The best minds aren’t sticking with research

Hoard's Dairyman: 

The best minds aren’t sticking with research

Date: 
Thu, 08/02/2012

To remain a player we cannot remain disinvested in agriculture.

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Last Thursday we shared some insight from Sonny Ramaswamy the recently appointed director of the USDA’s National Institute of Food and Agriculture (NIFA). (http://www.hoards.com/blog_living-and-dying-by-grants)

In his new role, he oversees NIFA award funds for a wide range of extramural research, education and extension projects that address the needs of farmers, ranchers and agricultural producers.

Is the United States equipped to make strides toward feeding the world?
If we continue down the same path in agriculture, we are and will continue to be poorly equipped to feed the world. In the last 15 years, there has been a disinvestment in agriculture at the state level. The academic enterprise has a small footprint, yet they have made some of our greatest agricultural advancements. To further reduce numbers in the academic world, companies are “crowd sourcing” and putting the best minds to work in industry.

To overcome this we need to create an innovative ecosystem; we need to create the sand box and provide the resources to foster innovation. Today, we are reaping the benefits of investments that were made in the 1950s. We need a funding turnaround to continue this benefit cycle. If we want to be the global leader, we need to make investments here and now.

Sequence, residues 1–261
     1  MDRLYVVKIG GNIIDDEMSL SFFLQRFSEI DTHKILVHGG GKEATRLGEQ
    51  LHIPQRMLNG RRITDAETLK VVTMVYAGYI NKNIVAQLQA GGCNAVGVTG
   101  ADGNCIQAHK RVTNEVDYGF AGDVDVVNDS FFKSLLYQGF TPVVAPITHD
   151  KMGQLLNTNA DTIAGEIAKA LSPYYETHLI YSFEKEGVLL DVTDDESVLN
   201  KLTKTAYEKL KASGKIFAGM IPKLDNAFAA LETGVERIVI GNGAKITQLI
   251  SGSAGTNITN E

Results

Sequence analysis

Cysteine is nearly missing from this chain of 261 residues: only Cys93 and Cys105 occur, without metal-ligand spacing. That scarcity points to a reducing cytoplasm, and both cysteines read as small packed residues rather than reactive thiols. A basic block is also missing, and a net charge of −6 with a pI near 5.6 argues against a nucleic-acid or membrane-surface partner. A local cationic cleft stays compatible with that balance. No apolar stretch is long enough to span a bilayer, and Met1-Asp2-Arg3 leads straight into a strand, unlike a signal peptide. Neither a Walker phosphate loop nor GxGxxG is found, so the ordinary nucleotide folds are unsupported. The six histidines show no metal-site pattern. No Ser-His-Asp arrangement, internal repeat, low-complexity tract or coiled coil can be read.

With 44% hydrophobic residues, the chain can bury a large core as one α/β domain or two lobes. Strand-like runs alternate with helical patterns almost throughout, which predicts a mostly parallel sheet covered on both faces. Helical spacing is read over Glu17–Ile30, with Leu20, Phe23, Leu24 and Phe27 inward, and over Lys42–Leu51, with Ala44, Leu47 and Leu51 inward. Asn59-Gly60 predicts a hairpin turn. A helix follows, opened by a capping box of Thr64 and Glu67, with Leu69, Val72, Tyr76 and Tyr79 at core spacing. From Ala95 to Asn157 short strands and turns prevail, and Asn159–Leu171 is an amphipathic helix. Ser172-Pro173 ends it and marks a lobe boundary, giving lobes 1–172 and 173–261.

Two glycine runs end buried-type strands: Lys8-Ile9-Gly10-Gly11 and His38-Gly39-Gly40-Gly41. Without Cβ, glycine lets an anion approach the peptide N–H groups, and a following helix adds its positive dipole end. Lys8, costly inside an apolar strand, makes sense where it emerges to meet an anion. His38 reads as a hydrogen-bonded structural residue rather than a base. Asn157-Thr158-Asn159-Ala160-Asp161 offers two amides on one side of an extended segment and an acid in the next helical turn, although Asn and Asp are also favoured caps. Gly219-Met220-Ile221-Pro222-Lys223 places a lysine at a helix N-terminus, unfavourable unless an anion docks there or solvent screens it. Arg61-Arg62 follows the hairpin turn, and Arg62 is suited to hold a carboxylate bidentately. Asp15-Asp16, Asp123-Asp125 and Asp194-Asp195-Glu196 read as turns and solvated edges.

Who are the U.S.’s biggest agricultural competitors?
China, India and Brazil are making the most significant investment and strides in agriculture. These countries have mimicked what the U.S. did with the land grant university system. While the U.S. pulled back their investments in the university system, these countries have continued to invest. For example, in the field of genomics, China is a big player. People aren’t coming to the U.S. to research genomics, they are going to BGI (Beijing Genomic Institute). Meanwhile, Israel is at the forefront when it comes to utilizing water.

How do we encourage youth to come back to production agriculture?
Agriculture has seen a depopulation of young people; many don’t want to return to the field. Instead they are going down the academic pipeline, earning PhDs and going into industry. They want a career that allows them to earn and not simply reinvest their profits. One opportunity available through NIFA is the Beginning Farmer and Ranchers program.

We need to do a better job with rural development and make it attractive to return to these areas with the skills necessary to succeed. Youth are the hub and spokes of our agricultural enterprise.

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